Exploring Climate Science: Stream Flow Tools and Data
- Grade Level:
- Upper Elementary: Third Grade through Fifth Grade
- Lesson Duration:
- 60 Minutes
- Common Core Standards:
- 5.RI.7, 5.RI.9, 5.W.8, 5.W.9
- Additional Standards:
- Next Generation Science Standards: 5-ESS2-2, 5-ESS3-1
- Thinking Skills:
- Remembering: Recalling or recognizing information ideas, and principles. Understanding: Understand the main idea of material heard, viewed, or read. Interpret or summarize the ideas in own words. Applying: Apply an abstract idea in a concrete situation to solve a problem or relate it to a prior experience. Analyzing: Break down a concept or idea into parts and show the relationships among the parts.
In “Exploring Climate Science (Streamflow Tools and Data),” students will use data to draw conclusions about climate change. The students will be able to:
1. Create a double line graph to show the changes in streamflow throughout the year
2. Make two predictions about how climate change may affect stream flows
Water is essential for life on Earth. Relative water availability is a major factor in designating habitats for different living organisms. In the United States, things like agriculture and water rights are hot topics. Current models predict that average global temperatures are going to continue to rise even if regional climate changes remain complex and varied. These changes will have an impact on all of Earth's systems.
Studies have shown that climate change is driven not only by natural effects but also by human activities. Knowledge of the factors that affect climate, coupled with responsible management of natural resources, are required for sustaining these Earth systems. Long-term change can be anticipated using science-based predictive models, making science and engineering essential to understanding global climate change and its possible impacts.
National Parks can serve as benchmarks for climate science trends and effects over time because they are protected areas void of human influence. Understanding current climate trends will help set students up to be successful in interpreting and engaging in discussions about climate change, which will lead to informed decision making.
Make copies of the student materials Streamflow Data and Worksheet 6.1. for each group. (See Materials Section)
Gather the following supplies:
This file provides data from Pohono Bridge in Yosemite Valley. Students will use this data to draw conclusions about climate change.
This file will familiarize students with basic vocabulary for the lesson
Explain that scientists measure water flow to track climate changes just like they measure snow water equivalent. Pre-teach vocabulary: stream flow, peak flow, water level. Additionally review double line graph and bargraph if necessary.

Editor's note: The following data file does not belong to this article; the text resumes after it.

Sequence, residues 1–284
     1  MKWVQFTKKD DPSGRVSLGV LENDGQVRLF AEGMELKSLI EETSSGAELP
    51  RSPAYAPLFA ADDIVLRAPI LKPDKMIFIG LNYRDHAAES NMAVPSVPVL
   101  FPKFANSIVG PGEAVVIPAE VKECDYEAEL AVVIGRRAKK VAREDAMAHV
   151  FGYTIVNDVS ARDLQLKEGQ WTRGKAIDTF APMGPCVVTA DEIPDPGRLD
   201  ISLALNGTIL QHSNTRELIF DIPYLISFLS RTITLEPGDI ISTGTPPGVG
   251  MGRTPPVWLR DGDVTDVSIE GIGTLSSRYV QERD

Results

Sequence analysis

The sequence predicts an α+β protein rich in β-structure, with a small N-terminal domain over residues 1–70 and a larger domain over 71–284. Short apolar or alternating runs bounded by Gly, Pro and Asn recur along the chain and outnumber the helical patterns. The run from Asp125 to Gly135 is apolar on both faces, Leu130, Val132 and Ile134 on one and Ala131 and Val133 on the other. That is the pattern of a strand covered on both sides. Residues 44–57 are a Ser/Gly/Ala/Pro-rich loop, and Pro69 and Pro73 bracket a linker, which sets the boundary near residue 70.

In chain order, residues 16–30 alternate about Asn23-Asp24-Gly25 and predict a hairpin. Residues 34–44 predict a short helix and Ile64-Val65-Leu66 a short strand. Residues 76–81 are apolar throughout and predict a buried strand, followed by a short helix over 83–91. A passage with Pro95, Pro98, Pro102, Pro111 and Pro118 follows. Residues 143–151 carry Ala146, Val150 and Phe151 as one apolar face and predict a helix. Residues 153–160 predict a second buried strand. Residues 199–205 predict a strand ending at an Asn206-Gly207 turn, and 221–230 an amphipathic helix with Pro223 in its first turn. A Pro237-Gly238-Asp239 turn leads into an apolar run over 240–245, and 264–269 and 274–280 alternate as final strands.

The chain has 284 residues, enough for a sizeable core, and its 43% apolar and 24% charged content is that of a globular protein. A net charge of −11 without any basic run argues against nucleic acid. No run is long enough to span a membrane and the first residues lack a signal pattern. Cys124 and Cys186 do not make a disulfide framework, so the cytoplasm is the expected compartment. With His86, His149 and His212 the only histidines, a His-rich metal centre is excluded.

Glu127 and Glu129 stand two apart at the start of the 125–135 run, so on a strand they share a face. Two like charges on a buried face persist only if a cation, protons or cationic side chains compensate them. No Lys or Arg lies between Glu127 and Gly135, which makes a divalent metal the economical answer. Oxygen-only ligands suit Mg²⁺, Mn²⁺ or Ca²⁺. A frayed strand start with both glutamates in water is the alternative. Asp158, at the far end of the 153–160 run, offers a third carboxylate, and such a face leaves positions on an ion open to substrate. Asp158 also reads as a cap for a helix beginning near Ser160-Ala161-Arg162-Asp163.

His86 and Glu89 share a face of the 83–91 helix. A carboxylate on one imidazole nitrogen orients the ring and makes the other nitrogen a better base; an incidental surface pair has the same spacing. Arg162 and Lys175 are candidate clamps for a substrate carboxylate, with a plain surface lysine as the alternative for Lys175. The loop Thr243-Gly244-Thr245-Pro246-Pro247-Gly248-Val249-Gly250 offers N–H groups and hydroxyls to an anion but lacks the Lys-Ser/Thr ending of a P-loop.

Have students make predictions about what impacts stream flow.
Show hydrology podcast from CD (or download from materials section or website) so students can observe how scientists measure stream flow.
Explain to students that they will be graphing the stream flow from Pohono Bridge in Yosemite Valley. Model creating a double line graph using data from 2009 & 2010 (see procedure 6.1). Then, facilitate a discussion of the graph.
When is peak flow?
How are water levels different for 2009 & 2010?
Why is the most water released in May/June?
Have students create a double line graph using data from 2011 & 2012, then record two thing they notice about their graphs in relation to streamflow (on sticky notes or on the graph itself). Share observations.
Talk about how streamflow can give us information about climate change.
Measuring stream flow can give scientists a good idea of how much the snowpack is melting on a specific day or month.
Due to climate change the peak stream flow could begin to occur sooner in the year. This could have the potential to throw many natural systems off and could negatively impact the water availability for human use.
Tell students that scientists began measuring stream flows from the stream in 1960.
Ask: how do you think streamflow has changed over time?
If necessary direct student thinking…peak stream flow might occur earlier because snow melts earlier due to warmer temperatures, etc.
- Show students graph of decade averages from 1960 – 2010 (Worksheet 6.1). Talk about what the graph shows. Emphasize the importance of continuing to record information so scientists can see changes over time.
Stream flow—the flow of water in streams and rivers often from snowpack runoff.
Watershed – an area of land where all of the water that is under it or drains off of it goes into the same place.
- Peak flow—the maximum flow of water in a river or stream in a given year.
Discussion: Why is monitoring streamflow important? Think about what streamflow might tell us about peak flows, water levels, climate change, etc.
Related Lessons or Education Materials
Day 1- Earth as a System
Day 2- Weather vs Climate
Day 3- Watershed
Day 5- Field Trip
Day 6- NPS Connections
Day 7- Project Preparation
Day 8- Evaluations